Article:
COVID-19 Widens Racial Wealth Gap, Hitting Black Businesses Especially Hard

Roslyn Karamoko in an orange dress standing in a boutique filled with clothing
Roslyn Karamoko, a majority owner of Detroit is the New Black

Amina Daniels has just that kind of get-to-it, high-energy personality you’d expect from the owner of a contemporary fitness studio on Agnes Street in Detroit’s rapidly revitalizing West Village.

She’s heard the word no; she just keeps moving anyway toward her goals.

She looked at 91 potential locations where one landlord after another dismissed her idea for creating an inclusive space offering a socially interactive fitness program in an urban community.

Daniels kept moving forward until she found a good spot to rent in 2016. She opened Live Cycle Delight — which includes TRX or total resistance exercise, yoga and hot yoga, Pilates, Barre classes and indoor cycling — on March 31, 2017.

“I’m prepared for work,” says Daniels, 35, as she talks about reopening the studio after Michigan’s lengthy shutdown to stem the spread of COVID-19 and, more recently, after what she calls the racial uprising that has swept metro Detroit and much of the country.

“Our last class was Monday, March 16,” Daniels said.

For the past 13 weeks, Live Cycle Delight has offered virtual classes and more recently some small classes outdoors, including outdoor cycling rides. Giving a rough estimate, she says the business has lost about $75,000 in sales in the past quarter. Only about 10% of her clients have participated in classes during the pandemic.

“Landlords are still expecting their rent, even though we were closed,” Daniels said.

Early numbers show signs of economic trouble

For Black-owned businesses, the hurdles are even higher as the economy reopens, especially given the racial wealth gap, the higher unemployment rate during the crisis among African Americans and the lack of access that many minority businesses have to traditional loans, even including the new Payment Protection Program.

Already some small businesses lost the battle. About 3.3 million small businesses shut their doors, or 22%, from February until April, according to a report by the Stanford Institute for Economic Policy Research.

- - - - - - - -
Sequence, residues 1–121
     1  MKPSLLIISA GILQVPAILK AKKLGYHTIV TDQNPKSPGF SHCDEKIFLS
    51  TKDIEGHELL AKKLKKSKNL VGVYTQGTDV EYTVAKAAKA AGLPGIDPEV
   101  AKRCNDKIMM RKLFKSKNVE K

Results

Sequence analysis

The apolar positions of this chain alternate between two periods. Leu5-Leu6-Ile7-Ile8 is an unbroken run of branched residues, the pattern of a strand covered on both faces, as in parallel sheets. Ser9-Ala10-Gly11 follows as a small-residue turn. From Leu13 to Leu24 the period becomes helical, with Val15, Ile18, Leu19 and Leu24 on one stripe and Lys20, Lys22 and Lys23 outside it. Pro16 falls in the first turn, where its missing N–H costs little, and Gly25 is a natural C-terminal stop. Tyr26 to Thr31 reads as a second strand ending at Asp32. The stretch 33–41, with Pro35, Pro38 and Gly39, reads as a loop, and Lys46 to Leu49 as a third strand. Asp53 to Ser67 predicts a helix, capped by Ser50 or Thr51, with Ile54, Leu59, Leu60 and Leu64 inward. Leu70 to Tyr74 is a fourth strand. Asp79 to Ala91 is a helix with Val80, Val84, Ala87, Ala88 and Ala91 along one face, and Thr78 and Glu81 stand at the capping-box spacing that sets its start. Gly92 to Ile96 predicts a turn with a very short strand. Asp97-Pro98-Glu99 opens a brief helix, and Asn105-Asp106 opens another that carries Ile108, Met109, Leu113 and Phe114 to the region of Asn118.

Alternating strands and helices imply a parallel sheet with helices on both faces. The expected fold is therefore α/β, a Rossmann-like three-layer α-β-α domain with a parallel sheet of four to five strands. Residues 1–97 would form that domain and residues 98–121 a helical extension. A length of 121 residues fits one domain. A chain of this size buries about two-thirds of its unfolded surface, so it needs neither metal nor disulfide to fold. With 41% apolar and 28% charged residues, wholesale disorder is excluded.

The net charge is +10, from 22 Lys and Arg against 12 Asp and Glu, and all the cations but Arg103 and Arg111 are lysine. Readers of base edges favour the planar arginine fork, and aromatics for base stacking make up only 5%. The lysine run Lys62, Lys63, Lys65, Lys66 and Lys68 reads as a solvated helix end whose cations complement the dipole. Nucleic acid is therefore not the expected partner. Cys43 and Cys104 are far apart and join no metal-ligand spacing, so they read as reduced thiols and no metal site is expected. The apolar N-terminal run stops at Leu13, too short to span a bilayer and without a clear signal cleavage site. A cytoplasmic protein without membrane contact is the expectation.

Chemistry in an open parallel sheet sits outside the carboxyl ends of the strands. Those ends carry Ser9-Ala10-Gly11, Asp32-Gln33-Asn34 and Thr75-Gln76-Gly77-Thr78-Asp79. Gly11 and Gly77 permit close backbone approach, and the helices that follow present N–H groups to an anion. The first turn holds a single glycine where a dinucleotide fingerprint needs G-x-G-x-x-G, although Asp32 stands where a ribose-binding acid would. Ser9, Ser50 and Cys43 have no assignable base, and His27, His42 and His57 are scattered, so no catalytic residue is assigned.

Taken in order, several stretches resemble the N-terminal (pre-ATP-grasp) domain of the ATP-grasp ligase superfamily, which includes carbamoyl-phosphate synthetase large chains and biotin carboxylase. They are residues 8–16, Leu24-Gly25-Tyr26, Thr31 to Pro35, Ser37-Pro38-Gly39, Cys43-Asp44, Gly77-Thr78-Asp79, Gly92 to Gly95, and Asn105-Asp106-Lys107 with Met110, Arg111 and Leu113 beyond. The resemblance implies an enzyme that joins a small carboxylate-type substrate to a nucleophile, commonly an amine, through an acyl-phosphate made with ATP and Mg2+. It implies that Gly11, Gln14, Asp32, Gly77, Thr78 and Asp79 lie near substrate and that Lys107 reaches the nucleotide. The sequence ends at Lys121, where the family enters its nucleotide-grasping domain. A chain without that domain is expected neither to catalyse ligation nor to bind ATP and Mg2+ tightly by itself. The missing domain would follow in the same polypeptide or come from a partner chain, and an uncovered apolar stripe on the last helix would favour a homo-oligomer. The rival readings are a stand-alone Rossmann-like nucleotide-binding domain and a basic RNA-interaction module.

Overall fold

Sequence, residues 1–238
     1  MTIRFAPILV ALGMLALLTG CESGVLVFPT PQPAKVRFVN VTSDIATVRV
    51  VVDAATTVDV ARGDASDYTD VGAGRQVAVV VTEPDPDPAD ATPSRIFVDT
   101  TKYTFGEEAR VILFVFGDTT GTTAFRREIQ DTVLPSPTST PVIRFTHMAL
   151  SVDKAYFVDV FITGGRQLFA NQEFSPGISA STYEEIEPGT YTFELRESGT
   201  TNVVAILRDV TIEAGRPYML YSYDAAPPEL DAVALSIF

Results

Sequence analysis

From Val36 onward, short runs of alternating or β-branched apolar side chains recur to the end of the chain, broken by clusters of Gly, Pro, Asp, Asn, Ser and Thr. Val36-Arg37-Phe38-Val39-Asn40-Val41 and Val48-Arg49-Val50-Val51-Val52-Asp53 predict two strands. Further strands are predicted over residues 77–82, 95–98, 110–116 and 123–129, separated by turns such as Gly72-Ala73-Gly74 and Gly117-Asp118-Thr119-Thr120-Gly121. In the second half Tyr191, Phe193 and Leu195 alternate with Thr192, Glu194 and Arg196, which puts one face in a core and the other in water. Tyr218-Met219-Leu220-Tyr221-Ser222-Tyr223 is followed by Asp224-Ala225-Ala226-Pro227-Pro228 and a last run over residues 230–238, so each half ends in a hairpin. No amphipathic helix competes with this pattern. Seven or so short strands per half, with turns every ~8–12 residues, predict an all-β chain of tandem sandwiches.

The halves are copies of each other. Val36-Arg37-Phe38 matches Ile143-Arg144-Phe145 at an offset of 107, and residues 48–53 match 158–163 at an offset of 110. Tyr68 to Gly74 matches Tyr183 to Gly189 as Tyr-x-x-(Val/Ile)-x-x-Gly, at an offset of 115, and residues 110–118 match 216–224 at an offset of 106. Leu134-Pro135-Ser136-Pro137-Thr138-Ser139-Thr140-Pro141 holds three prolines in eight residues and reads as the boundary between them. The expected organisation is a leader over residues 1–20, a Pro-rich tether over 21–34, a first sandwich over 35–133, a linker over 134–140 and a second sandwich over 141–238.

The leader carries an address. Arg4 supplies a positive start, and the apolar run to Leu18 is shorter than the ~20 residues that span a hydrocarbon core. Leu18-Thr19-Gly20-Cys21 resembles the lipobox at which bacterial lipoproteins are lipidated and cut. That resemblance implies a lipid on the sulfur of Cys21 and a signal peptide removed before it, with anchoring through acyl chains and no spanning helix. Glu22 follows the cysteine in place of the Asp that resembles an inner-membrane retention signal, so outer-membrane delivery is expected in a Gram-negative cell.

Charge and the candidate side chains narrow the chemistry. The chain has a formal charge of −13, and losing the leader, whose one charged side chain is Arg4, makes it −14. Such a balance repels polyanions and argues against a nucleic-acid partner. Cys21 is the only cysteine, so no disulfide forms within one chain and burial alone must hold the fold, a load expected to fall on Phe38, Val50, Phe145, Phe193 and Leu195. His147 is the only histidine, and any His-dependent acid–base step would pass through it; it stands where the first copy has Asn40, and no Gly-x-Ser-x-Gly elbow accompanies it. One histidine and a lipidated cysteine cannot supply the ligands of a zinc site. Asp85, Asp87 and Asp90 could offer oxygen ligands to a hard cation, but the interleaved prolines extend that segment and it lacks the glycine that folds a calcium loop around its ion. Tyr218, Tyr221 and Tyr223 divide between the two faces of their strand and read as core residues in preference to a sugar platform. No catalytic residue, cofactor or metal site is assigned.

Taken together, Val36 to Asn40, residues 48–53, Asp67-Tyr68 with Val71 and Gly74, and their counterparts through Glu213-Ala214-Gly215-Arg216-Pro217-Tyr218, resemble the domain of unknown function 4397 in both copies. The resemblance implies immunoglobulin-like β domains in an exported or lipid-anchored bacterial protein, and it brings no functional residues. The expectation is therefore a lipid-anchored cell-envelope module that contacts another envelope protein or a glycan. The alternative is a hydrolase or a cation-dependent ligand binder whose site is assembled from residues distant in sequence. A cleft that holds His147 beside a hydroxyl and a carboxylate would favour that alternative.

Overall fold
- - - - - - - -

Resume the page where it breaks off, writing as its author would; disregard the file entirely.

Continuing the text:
Many will attempt to come back, but we won’t know for months how many will survive, according to researchers.

African American businesses were hit especially hard with 41% shutting down. Latinx businesses followed with 32% closed and Asian businesses fell by 26%.

Female-owned businesses also were disproportionately hit at 25%. Such findings of early-stage losses to small businesses may lead to even greater economic inequality.

“It is clear that this recession and its immediate aftermath will widen the Black-white wealth gap,” said Christian Weller, professor of public policy at the University of Massachusetts Boston.

Weller, whose research has focused on wealth inequality, predicts that Black people are more likely to face longer financial setbacks in the coronavirus crisis than white people, much like what happened after the Great Recession, which ran from December 2007 through June 2009.

Black families tend to be harder hit by the virus, triggering both short-term and long-term health care costs. And many African American families have fewer financial resources to weather the public health crisis and the economic storm.

Social distancing restrictions have hit people of color, particularly women, hard, as many work in retailing and other service industries that will likely face obstacles ahead as the economy tries to remain open while fighting the ongoing health threat of COVID-19.

“Black women often work in restaurants, hotels and direct care work — nursing homes, assisted living and home care,” Weller said.

“Many of these jobs have gone away. And, if they have not gone away, workers are in the unenviable position that they have to choose between their health (and that of their families) and their ability to pay their bills.”

Daniels, who did qualify for a Payment Protection Program loan and other grants, fully expects to remain in business, help Live Cycle Delight keep growing and work through the long list of challenges ahead.

“We’re really ready to get open whenever we can do it the right way,” she said.